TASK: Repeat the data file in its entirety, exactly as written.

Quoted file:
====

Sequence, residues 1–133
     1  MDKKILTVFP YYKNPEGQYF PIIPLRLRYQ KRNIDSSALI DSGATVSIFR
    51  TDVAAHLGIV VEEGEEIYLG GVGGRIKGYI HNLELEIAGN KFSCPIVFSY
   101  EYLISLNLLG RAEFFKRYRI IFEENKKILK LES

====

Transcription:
Sequence, residues 1–133
     1  MDKKILTVFP YYKNPEGQYF PIIPLRLRYQ KRNIDSSALI DSGATVSIFR
    51  TDVAAHLGIV VEEGEEIYLG GVGGRIKGYI HNLELEIAGN KFSCPIVFSY
   101  EYLISLNLLG RAEFFKRYRI IFEENKKILK LES